The hip hop album "HYDRA 3D" is on the border to being a full experimental electronica release. There are thick synths, flangered 808s, vocals completely distorted by all kinds of effects. But this song is not only acapella, it was furthermore not even recorded in a studio. It appears to have been recorded either in a car or out in the streets, probably with a low quality phone. You also hear all kinds of public background noise.
"Lennon 2" is a song that's more normal again. - Martin_Canine
Blues/swing inspired song on a symphonic metal album. - Martin_Canine
Unlike the rest of the stuff on The Yes Album, Clap was recorded live, and it was a solo acoustic guitar piece by Steve Howe. I do like it, though, because it shows his Travis-picking abilities; it's not an easy song to play. - Gg2000
It’s the title track. It lacks electronic sounds, unlike all the other tracks. And before you say Daisy lacks electronic sounds, it doesn’t. Listen closer next time.
Unlike most of Fly By Night, Rivendell is a slow (and quiet) acoustic based song. As a result, a lot of Rush fans hate it, but I personally don't think it deserves that. - Gg2000
While the rest of the War album is very aggressive and strident, this song is more atmospheric, with lots of acoustic guitar and prominent electric violin by a guy named Steve Wickham, who approached The Edge at a bus stop and asked him if they needed a violin on their album. - Gg2000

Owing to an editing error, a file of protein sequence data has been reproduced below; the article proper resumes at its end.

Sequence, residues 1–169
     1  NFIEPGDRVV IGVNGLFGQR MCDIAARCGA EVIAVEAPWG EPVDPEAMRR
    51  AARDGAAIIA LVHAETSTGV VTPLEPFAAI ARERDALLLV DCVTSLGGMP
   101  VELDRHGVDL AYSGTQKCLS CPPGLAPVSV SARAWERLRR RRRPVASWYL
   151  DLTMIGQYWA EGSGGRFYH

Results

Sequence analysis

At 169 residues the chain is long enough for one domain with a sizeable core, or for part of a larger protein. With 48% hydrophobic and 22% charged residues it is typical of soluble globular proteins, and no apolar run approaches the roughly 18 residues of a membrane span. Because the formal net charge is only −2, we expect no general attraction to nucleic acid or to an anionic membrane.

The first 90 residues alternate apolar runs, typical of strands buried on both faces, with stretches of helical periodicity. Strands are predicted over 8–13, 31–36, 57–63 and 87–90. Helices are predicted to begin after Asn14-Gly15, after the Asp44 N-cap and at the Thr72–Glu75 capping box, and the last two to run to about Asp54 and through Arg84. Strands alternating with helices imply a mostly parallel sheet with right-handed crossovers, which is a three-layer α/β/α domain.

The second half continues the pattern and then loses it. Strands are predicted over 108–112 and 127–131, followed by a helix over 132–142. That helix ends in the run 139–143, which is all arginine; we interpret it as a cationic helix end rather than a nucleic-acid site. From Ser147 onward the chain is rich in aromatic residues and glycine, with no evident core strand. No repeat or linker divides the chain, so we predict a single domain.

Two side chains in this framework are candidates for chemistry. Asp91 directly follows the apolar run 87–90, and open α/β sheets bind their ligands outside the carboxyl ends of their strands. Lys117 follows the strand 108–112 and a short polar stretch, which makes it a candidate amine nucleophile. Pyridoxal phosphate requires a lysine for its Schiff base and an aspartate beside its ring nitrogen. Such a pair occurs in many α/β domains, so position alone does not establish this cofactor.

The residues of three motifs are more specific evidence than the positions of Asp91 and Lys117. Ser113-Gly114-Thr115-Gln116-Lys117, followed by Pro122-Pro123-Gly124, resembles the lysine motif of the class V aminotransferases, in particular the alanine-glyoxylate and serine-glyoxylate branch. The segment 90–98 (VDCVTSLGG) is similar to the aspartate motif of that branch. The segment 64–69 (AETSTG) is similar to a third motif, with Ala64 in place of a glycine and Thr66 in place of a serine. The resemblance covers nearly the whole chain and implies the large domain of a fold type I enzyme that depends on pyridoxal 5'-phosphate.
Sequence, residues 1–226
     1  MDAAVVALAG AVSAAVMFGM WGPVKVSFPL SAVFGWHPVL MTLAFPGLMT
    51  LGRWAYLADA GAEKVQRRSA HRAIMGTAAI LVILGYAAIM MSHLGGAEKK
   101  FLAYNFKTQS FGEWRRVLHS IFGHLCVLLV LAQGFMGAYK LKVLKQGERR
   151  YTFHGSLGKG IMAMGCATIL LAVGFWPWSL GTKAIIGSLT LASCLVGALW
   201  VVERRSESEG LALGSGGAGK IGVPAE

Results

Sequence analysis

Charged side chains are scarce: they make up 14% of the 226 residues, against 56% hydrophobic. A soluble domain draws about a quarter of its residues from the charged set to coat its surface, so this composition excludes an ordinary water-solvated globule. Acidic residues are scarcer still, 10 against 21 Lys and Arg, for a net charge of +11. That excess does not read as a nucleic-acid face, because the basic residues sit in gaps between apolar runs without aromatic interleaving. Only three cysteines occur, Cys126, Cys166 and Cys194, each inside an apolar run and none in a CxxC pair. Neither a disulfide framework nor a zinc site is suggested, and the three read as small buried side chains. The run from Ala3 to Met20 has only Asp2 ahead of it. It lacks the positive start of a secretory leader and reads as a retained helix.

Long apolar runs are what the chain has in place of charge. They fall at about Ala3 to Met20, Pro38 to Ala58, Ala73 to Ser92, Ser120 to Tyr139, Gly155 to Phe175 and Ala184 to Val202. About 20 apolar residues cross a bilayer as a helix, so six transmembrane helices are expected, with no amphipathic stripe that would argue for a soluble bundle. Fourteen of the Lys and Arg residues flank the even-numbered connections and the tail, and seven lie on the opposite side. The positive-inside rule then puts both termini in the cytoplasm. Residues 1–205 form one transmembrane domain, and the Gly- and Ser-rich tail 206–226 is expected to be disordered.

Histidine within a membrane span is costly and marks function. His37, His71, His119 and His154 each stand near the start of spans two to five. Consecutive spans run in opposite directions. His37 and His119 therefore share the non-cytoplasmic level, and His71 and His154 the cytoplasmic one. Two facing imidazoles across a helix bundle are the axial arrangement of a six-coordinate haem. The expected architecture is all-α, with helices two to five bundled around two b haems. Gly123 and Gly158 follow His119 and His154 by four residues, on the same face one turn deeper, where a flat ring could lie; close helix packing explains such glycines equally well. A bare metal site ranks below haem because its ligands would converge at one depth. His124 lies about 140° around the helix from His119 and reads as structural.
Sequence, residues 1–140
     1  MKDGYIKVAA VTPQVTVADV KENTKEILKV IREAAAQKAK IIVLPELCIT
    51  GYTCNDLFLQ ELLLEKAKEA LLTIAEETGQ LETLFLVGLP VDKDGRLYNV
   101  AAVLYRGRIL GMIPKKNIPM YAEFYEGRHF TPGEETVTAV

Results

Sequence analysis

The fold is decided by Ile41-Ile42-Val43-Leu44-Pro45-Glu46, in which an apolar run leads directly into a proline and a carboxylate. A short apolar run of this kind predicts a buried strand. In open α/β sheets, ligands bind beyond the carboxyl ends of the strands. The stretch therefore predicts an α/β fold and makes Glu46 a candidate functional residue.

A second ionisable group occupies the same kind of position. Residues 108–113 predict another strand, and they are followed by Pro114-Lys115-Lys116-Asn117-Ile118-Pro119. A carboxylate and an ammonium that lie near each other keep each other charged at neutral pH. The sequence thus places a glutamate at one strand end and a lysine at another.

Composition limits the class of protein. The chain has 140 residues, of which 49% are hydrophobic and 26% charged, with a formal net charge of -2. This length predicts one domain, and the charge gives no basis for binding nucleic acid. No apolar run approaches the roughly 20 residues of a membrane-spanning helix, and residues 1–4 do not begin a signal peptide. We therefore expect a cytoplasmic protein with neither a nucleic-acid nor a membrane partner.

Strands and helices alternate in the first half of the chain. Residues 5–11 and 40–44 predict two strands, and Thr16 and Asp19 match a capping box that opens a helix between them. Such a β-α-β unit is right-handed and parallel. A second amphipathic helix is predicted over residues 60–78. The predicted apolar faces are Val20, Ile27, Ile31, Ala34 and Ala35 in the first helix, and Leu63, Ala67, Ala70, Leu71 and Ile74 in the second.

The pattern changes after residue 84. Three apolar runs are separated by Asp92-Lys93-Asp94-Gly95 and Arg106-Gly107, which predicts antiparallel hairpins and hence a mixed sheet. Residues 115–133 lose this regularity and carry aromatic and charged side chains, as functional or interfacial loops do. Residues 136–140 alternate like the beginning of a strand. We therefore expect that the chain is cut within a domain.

This song isn't just weird for this album, but it's weird for his career in general. The reason why is that it's a jazz instrumental done by a blues musician. Still a good tune, though. - Gg2000
Main difference between this song and the rest of the album is mainly than this one is more pop oriented, at least Still Into You and Daydreaming are based on rock, but this one is more based on classic pop and even gospel - Pato_cargo
Raditude is a pretty bad album, that's for sure, is pretty well known that this is Weezer most unpopular song, however instead of being pop rock like the other ones in the album, is more poppy and even hip hop oriented... that doesn't save it from being awful - Pato_cargo
Main reason why doesn't deserve to be with the rest of Mania is easy
1. is more of a rock song than a pop song
2. is actually good - Pato_cargo
While most of Songs for the Deaf is completely hard rock and classic rock based, Six Shooter is more Death Metal than any other song in the album - Pato_cargo
Unlike the rest of the album, which is pretty much two or three chord fuzzy garage rock, this song is a pseudo raga, and it goes for eleven minutes at a slow pace. Most people view it as a very extreme case of album filler. - Gg2000